co·​mi·​ty | \ˈkä-mə-tē, ˈkō- \
plural comities

Definition of comity 

1a : friendly social atmosphere : social harmony group activities promoting comity bipartisan comity in the Senate

b : a loose widespread community based on common social institutions the comity of civilization

c : comity of nations trans-Atlantic comity

d : the informal and voluntary recognition by courts of one jurisdiction of the laws and judicial decisions of another

2 : avoidance of proselytizing members of another religious denomination

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Synonyms & Antonyms for comity


chime, compatibility, concord, harmony, peace


conflict, discord, dissension (also dissention), variance

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Our country soweth also in the field of our breasts many precious seeds, as … honest behavior, affability, comity, wrote English clergyman Thomas Becon in 1543. Becon's use is the earliest documented appearance of comity - a word derived from Latin comitas, meaning "courteousness" (and probably related to the Sanskrit word for "he smiles"). Comity is largely used in political and judicial contexts. Since 1862 comity of nations has referred to countries bound by a courteous relationship based on mutual recognition of executive, legislative, and judicial acts. And, in legal contexts, comity refers to the recognition by courts of one jurisdiction of the laws and judicial decisions of another.

Examples of comity in a Sentence

the comity that has always existed among the town's houses of worship

Recent Examples on the Web

The newfound comity, however, springs as much from economic exhaustion as from each leaders’ respective reckonings with longevity. Geoffrey Mohan,, "How California's farm labor shortage made friends of old rivals," 6 July 2018 Such apparent comity hasn’t stopped film scholars from poking around their relationship. Richard B. Woodward, WSJ, "‘Renoir: Father and Son/Painting and Cinema’ Review: Creative Currents," 5 May 2018 The court’s 2017-18 term began tentatively and with comity, as the justices continued to find their place on a new-look court that included Justice Neil Gorsuch, whom Mr. Trump nominated last year. Brent Kendall, WSJ, "End of Supreme Court Term Finds Conservatives in Command," 28 June 2018 All Americans would then march hand-in-hand toward a nirvana of permanent comity. Michael Hiltzik,, "The Red Hen Affair: Demands for 'civility' are almost always aimed at shutting down free speech," 25 June 2018 All of that had real advantages: Congress was, for much of the past century, a place of remarkable comity, where politicians routinely struck compromises on public spending or judicial appointments. Yascha Mounk, The New Yorker, "The Rise of McPolitics," 12 Jan. 2015 But there are also political attitudes in rural Georgia, and ways of expressing them, that stand in stark contrast to a capital city that has long offered itself to the world as a beacon of racial comity. Richard Fausset, New York Times, "There Are Two Georgias. One Just Made History.," 23 May 2018 The US Senate is – or was – strongly associated with ideals of comity. Melissa Mohr, The Christian Science Monitor, "Can comity and Comey coexist?," 3 May 2018 There are celebrities who are cultural disruptors, who force dissension and discussion — think Muhammad Ali in the 1960s — and there are those who are cultural resolvers, bringing disparate audiences into one big tent of comity and comfort. Ty Burr,, "There’s no separating Cosby’s legacy as a symbol of unity and the face of evil," 27 Apr. 2018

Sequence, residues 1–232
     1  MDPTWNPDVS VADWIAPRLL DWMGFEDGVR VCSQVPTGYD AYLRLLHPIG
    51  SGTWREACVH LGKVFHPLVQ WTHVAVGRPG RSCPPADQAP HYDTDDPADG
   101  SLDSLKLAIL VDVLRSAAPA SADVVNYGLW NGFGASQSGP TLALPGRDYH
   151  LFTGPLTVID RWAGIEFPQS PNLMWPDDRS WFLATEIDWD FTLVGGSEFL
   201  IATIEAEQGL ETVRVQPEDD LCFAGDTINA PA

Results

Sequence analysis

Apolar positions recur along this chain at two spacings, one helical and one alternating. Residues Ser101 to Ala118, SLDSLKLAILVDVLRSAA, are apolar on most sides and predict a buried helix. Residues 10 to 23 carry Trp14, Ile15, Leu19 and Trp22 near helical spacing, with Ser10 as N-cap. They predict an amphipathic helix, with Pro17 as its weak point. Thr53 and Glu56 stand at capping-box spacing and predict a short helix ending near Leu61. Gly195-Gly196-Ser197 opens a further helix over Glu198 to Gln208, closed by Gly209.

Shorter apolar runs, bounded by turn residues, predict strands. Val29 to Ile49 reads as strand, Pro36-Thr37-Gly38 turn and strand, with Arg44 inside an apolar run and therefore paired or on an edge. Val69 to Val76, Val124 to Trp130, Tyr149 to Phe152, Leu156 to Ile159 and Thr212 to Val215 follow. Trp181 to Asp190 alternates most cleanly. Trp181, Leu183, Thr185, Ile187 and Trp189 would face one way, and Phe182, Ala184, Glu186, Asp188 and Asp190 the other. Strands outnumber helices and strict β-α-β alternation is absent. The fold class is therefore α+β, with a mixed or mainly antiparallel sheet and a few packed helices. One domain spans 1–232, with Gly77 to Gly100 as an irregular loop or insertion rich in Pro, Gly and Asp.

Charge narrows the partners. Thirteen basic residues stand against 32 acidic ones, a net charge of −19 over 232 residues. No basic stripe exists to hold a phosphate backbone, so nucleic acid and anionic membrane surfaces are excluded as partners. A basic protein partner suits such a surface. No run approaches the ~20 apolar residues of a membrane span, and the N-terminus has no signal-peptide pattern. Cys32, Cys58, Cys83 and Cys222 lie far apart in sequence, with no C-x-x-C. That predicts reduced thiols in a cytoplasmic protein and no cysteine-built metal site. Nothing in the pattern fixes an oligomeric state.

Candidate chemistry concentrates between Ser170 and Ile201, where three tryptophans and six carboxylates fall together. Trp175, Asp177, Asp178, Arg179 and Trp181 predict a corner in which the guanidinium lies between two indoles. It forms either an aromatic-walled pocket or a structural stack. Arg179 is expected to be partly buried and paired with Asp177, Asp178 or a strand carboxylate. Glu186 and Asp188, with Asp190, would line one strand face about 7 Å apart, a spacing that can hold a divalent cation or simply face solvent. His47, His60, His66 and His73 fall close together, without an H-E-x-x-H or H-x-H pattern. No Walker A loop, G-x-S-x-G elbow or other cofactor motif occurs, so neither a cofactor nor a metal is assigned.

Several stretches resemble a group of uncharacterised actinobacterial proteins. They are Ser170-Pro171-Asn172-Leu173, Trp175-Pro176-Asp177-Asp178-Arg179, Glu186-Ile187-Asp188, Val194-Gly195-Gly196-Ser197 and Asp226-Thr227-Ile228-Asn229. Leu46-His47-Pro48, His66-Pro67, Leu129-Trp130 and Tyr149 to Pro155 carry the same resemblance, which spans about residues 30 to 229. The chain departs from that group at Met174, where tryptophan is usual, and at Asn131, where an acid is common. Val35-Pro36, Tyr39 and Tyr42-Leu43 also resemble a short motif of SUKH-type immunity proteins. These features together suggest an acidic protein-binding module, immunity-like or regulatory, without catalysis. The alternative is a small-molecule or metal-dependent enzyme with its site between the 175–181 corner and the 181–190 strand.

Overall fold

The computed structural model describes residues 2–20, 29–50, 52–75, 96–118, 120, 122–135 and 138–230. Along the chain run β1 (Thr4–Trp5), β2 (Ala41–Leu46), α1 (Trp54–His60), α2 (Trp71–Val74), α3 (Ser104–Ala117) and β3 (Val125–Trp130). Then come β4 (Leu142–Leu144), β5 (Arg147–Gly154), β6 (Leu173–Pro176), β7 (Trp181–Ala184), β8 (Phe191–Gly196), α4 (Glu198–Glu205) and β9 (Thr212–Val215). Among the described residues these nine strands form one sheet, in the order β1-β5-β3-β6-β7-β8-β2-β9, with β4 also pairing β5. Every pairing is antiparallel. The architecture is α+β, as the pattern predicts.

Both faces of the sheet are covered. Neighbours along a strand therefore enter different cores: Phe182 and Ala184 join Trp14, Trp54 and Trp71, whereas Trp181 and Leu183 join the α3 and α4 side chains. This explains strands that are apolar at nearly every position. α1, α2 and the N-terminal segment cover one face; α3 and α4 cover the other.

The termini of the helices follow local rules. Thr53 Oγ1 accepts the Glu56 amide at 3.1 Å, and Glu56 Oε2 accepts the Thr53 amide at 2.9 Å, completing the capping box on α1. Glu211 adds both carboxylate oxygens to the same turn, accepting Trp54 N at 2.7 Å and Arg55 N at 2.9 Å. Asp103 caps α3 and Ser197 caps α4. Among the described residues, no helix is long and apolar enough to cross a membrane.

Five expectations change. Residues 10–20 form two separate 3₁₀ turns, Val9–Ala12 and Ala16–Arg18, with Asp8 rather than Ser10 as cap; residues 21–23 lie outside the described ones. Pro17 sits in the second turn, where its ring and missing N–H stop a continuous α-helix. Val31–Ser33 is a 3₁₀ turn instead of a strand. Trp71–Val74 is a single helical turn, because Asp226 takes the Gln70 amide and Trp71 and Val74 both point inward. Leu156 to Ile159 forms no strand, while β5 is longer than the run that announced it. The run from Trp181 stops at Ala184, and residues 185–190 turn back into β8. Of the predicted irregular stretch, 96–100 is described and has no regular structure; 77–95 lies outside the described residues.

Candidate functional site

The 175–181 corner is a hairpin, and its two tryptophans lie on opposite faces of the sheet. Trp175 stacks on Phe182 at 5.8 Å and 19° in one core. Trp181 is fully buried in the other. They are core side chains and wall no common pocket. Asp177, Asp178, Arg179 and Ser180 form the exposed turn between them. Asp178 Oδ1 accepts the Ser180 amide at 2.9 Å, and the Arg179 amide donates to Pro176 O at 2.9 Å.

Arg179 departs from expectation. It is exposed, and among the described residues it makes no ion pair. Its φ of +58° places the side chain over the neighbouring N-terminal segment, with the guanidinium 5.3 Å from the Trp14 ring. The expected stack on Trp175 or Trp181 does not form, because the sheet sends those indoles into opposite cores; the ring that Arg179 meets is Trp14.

These example sentences are selected automatically from various online news sources to reflect current usage of the word 'comity.' Views expressed in the examples do not represent the opinion of Merriam-Webster or its editors. Send us feedback.

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First Known Use of comity

1543, in the meaning defined at sense 1a

History and Etymology for comity

borrowed from Latin cōmitāt-, cōmitās "friendliness, courtesy, graciousness," from cōmis "kind, obliging, gracious" (probably going back to Old Latin cosmis, of uncertain origin) + -itāt- -itās -ity

Note: The Latin word cōmis (Old Latin cosmis, assuming that this word in the Duenos Inscription has been correctly identified) has traditionally been analyzed as *co-smei̯- "draw one's face into a smile," with the Indo-European base *smei̯- "laugh, smile" (see smile entry 1)—though a derivational mechanism for turning such a verbal compound into an unsuffixed adjective is left unspecified. An alternative explanation as a denominal adjective "having/accompanied by a smile" is possible (of the compound type represented by Greek éntheos "full of/possessed by a deity"), though there is no Indo-European evidence for a corresponding noun *smi- "smile."

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comity of nations



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The first known use of comity was in 1543

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co·​mi·​ty | \ˈkä-mə-tē, ˈkō- \

Legal Definition of comity 

2 : the informal and voluntary recognition by courts of one jurisdiction of the laws and judicial decisions of another

called also judicial comity

— compare choice of law, federalism, full faith and credit

More from Merriam-Webster on comity

Thesaurus: All synonyms and antonyms for comity

Britannica English: Translation of comity for Arabic Speakers

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